Mathematics Stack Exchange is a question and answer site for people studying math at any level and professionals in related fields. It's 100% free, no registration required.

Sign up
Here's how it works:
  1. Anybody can ask a question
  2. Anybody can answer
  3. The best answers are voted up and rise to the top

Maybe it's an easy question: How can we find the universal covering of the connected sum of tori or projective planes? Is there a general method?

share|cite|improve this question
See this answer by Ryan Budney. – Juan S Aug 29 '12 at 8:46
For the surfaces of genus $g > 0$ the universal cover is the hyperbolic plane, this is a classical result. I know that this is not really an answer to your question so I stated it as a comment. – mland Aug 29 '12 at 10:00
Have you a reference? – Seirios Aug 29 '12 at 15:36
up vote 3 down vote accepted

Let $X_1$ (resp. $X_2$) be a sphere and $D_1$, $D_1'$ (resp. $D_2$, $D_2'$) two diametrically opposed disks on $X_1$ (resp. $X_2$). Then, set $\tilde{X}_1= X_1 \backslash (D_1 \cup D_1')$ and $\tilde{X}_2=X_2 \backslash (D_2 \cup D_2')$. Finally, define $\tilde{X}$ by $(\tilde{X}_1 \coprod \tilde{X}_2 )/ \sim$, where $\sim$ identifies $D_1$ with $D_2$, and $D_1'$ with $D_2'$.

Then, $X_i$ is the universal covering of a projective plane (and the projection is given by identifying two diametrically opposed points on $X_i$) so $\tilde{X}$ is a $2$-sheeted covering space of the connected sum of two projective planes. But it is easy to see that $\tilde{X}$ is homeomorphic to $\mathbb{T}$, so the universal covering of the sum of two projective planes is homeomorphic to $\mathbb{R}^2$. (In fact, the result doesn't depend on the number of projective planes we add.)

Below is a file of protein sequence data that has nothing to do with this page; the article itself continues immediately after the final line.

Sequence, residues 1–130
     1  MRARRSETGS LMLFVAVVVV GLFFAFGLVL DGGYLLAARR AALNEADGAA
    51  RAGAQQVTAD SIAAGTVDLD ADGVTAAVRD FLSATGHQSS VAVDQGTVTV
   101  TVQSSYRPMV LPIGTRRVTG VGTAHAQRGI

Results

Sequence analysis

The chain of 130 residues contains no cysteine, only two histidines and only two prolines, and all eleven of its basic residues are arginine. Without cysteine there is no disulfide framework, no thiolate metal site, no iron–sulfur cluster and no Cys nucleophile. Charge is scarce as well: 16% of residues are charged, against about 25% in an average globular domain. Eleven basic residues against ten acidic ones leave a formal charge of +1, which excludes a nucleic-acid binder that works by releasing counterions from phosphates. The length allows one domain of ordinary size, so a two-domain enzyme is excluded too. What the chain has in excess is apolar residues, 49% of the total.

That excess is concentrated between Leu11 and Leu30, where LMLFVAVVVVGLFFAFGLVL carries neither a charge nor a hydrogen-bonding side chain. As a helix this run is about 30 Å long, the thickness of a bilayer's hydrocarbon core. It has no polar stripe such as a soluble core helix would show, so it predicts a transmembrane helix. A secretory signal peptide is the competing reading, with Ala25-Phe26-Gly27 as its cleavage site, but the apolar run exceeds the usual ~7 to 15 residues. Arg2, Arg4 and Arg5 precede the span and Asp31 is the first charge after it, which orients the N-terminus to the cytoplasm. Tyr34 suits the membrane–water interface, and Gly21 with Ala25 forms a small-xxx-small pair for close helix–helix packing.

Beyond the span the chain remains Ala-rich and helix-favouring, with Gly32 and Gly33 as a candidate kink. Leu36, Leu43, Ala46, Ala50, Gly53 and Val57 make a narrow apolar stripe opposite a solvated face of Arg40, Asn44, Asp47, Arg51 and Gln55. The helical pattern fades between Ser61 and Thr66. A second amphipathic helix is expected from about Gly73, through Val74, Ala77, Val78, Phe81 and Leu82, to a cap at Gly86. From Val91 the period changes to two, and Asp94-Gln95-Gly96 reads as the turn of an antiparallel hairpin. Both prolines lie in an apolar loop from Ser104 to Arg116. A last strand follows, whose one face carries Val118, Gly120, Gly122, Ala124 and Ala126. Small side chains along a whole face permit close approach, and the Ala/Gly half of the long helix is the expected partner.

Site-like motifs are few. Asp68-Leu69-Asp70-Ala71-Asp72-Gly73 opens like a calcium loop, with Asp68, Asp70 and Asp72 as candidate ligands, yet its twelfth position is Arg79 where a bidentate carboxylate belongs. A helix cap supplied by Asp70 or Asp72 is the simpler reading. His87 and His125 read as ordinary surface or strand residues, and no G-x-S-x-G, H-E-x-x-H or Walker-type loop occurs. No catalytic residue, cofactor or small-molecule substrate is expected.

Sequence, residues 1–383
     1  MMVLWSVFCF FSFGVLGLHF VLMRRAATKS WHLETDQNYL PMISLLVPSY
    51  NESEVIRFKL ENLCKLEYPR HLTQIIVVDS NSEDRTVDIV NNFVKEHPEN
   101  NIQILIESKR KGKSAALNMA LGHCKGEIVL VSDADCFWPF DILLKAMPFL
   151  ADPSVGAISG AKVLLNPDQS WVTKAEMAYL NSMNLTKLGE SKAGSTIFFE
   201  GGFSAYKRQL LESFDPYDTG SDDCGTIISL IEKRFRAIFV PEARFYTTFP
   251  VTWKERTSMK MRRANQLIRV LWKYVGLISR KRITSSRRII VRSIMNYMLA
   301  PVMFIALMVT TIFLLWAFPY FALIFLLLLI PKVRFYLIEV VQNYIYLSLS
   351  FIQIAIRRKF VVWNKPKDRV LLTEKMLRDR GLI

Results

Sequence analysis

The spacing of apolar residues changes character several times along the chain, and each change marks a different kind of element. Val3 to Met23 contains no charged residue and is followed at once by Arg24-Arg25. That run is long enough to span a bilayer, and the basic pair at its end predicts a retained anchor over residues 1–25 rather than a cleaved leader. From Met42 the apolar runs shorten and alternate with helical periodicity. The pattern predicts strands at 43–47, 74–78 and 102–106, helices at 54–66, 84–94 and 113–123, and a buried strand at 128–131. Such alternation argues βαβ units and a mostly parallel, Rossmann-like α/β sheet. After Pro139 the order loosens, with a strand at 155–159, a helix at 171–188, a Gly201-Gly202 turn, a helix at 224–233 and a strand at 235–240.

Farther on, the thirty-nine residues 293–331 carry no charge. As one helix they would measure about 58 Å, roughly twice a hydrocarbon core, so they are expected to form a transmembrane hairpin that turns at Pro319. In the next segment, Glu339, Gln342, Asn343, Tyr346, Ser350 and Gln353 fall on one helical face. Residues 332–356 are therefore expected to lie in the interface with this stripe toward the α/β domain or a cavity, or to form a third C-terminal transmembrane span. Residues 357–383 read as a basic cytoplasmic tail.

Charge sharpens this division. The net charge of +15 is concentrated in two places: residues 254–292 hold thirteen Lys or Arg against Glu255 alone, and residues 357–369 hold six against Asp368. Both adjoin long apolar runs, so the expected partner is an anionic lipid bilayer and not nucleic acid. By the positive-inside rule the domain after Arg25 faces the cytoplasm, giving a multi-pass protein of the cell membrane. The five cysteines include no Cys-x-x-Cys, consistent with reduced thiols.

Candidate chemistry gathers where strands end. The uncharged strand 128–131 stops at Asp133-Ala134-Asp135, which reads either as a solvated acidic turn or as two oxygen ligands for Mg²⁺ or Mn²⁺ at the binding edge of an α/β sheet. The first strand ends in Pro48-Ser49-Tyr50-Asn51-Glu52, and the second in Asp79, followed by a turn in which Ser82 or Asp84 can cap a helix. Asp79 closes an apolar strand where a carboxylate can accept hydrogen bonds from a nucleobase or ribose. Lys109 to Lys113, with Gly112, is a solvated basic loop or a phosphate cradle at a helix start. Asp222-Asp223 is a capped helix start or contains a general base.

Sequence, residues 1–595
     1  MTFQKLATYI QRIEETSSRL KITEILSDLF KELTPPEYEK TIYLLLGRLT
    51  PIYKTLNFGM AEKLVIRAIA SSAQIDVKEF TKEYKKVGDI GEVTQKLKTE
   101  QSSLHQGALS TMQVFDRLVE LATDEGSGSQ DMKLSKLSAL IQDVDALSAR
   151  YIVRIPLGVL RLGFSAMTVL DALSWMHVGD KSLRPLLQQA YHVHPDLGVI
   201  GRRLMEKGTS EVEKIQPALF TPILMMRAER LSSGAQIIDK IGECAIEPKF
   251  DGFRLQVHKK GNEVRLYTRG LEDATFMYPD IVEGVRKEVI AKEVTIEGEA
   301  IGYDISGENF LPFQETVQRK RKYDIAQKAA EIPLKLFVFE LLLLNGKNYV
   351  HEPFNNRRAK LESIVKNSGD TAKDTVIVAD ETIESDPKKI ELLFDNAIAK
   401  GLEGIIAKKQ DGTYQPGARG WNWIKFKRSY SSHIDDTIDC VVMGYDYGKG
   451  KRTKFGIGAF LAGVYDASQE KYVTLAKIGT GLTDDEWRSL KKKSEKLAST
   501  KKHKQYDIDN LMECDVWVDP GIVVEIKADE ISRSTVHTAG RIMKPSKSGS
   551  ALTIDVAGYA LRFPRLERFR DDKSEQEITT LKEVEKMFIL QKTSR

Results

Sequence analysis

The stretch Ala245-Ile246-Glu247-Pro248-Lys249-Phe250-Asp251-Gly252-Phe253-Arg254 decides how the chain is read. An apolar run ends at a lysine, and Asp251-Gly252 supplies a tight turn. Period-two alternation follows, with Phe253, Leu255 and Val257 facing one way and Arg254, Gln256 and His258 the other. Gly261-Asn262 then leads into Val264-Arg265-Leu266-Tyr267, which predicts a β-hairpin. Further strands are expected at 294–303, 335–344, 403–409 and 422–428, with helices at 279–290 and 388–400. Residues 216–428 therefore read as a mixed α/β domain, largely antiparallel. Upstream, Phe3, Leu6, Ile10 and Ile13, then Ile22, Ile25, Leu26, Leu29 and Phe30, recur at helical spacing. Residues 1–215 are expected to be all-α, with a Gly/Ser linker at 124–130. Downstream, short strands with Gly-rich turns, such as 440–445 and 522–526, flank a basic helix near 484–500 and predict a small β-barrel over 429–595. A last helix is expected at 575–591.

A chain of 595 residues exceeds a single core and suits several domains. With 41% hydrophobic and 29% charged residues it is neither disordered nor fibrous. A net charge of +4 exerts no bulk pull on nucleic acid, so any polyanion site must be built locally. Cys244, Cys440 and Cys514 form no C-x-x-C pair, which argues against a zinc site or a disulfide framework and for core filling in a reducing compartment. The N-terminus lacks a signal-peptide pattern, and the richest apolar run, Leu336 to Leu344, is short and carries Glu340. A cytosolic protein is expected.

However, the projection from $\mathbb{R}^2$ onto the connected sum is difficult to explicit because the homeomorphism between $\tilde{X}$ and the torus is itself difficult to explicit. But this method shows that the fundamental group of the connected sum of two projective plans contains a subgroup of index $2$ isomorphic to $\mathbb{Z}^2$.

It seems to be more difficult for a connected sum of tori, because the universal covering has infinitely many sheets.

Added: From John Lee's beautiful book Geometry of surfaces, we are able to prove

Theorem: Let $S \neq \mathbb{S}^2, \ \mathbb{R}^2P, \ \mathbb{T}^2$ be a connected compact surface and let $\Pi \subset \mathbb{H}^2$ denote a regular $4n$-gon such that $S$ is homeomorphic to some identification space $S_{\Pi}$. Then there exists a regular tesselation of $\mathbb{H}^2$ by $\Pi$ inducing a covering $\mathbb{H}^2 \to S$.

A proof follows from the theorems at pages 37, 123 and 129.

share|cite|improve this answer

Your Answer


By posting your answer, you agree to the privacy policy and terms of service.

Not the answer you're looking for? Browse other questions tagged or ask your own question.